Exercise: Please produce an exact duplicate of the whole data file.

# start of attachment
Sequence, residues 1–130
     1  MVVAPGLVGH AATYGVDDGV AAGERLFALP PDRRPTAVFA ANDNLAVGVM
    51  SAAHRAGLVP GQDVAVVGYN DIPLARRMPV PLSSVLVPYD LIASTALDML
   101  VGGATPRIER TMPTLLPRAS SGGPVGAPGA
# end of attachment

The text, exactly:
Sequence, residues 1–130
     1  MVVAPGLVGH AATYGVDDGV AAGERLFALP PDRRPTAVFA ANDNLAVGVM
    51  SAAHRAGLVP GQDVAVVGYN DIPLARRMPV PLSSVLVPYD LIASTALDML
   101  VGGATPRIER TMPTLLPRAS SGGPVGAPGA